Zulip Chat Archive

Stream: general

Topic: Questions about the simp tactic

Bolton Bailey (May 16 2021 at 06:05):

A couple of questions about the simp tactic

If I use simp only [band_tt] on an expression that looks like (tt && tt && ... n times ... && tt) || (expression of length m not involving &&) should I expect it to take O(mn) time, or O(m + n) time?

Will simp do simplifications in the order I specify? For example, on (tt && tt && ... n times ... && tt) && ff, what is the complexity of simp only [band_tt, band_ff] versus simp only [band_ff, band_tt]?

Scott Morrison (May 16 2021 at 06:16):

The order of the list does not matter.

Scott Morrison (May 16 2021 at 06:17):

I think O(m+n) here, but I've not thought about this much.

Bolton Bailey (May 16 2021 at 06:21):

A more practical question: If I have a cycle of simplifications that would cause an infinite loop of rewrites on their own, but there is another simplification which can escape that cycle, is it guaranteed to escape or might it loop infinitely?

Scott Morrison (May 16 2021 at 06:29):

it will likely loop

Gihan Marasingha (Aug 09 2021 at 13:34):

On the order of lemmas presented to simp. I find that it does matter.

Here's a simple example. What's curious to me is that the second example succeeds if simp is replaced with simp_rw, while the first would fail with the same replacement. Can any explain how the function of simp depends on the order of the lemmas?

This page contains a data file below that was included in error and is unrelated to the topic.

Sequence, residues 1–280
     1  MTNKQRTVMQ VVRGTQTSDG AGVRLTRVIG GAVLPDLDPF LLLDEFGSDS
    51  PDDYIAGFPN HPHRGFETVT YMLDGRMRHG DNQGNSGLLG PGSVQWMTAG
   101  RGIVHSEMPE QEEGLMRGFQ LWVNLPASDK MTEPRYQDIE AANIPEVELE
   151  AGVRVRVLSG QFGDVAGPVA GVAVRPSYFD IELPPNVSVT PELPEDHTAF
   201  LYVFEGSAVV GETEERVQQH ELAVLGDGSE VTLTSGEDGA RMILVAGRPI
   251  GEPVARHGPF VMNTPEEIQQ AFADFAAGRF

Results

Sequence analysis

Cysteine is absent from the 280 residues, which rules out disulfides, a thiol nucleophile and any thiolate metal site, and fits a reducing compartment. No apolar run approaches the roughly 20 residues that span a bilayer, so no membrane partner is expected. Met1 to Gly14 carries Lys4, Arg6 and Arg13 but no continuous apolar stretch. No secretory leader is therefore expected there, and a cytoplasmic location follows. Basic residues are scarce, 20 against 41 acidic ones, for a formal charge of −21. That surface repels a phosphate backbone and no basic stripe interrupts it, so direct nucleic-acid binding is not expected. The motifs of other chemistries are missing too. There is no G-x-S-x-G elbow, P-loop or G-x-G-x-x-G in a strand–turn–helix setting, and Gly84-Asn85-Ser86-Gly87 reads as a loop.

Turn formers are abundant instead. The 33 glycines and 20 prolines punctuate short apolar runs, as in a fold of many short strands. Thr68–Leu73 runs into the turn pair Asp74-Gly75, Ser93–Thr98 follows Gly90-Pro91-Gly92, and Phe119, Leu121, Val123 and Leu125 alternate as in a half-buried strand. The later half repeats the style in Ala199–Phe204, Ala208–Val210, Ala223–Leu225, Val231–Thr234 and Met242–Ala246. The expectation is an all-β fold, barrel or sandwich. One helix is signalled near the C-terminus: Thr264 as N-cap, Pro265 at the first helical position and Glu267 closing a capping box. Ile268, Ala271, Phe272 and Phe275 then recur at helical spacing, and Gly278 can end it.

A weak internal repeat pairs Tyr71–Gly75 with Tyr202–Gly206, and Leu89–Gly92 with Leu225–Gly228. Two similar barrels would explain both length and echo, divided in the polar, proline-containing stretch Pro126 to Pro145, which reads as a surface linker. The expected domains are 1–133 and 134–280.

import tactic

example (a b n m : ): (a + b) * (n + m) = a * n + a * m  + b * n + b * m :=
  simp [mul_add, add_assoc, add_mul], -- succeeds

example (a b n m : ): (a + b) * (n + m) = a * n + a * m  + b * n + b * m :=
  simp [add_mul, mul_add, add_assoc], -- fails

Bryan Gin-ge Chen (Aug 09 2021 at 13:36):

I can't check right now, but if you add set_option trace.simplify.rewrite true before the examples, you should be able to see the precise sequence of rewrites that simp performs in each case.

Gihan Marasingha (Aug 09 2021 at 13:40):

Thanks @Bryan Gin-ge Chen. I can see what happens in those particular cases now. I'm curious to know if a human reader can determine in advance in what order the lemmas will be applied. It makes a difference as to whether the application will fail or not.

Is there a 'meta simp' that tries all permutations?

Yakov Pechersky (Aug 09 2021 at 13:41):

This is partially because add_assoc is not a great simp lemma. You can add add_left_comm to both and then both will work.

Yakov Pechersky (Aug 09 2021 at 13:41):

add_assoc can lead to states in the term permutation tree that are terminal and simp can't do anything else about it.

Yakov Pechersky (Aug 09 2021 at 13:43):

In general, for ring like things like +, *, /\, \/, doing [op_assoc, op_comm, op_left_comm] will be a ring-like simp.

Kevin Buzzard (Aug 09 2021 at 14:20):

Another way of explaining the issue here is I guess that the lemmas which you gave to simp do not form a confluent rewrite system

Gihan Marasingha (Aug 09 2021 at 14:25):

Ooh, I think that's the concept I was trying to express. Is there a nice way for a human to determine whether a given set of lemmas do indeed form a confluent rewrite system?

Last updated: Dec 20 2023 at 11:08 UTC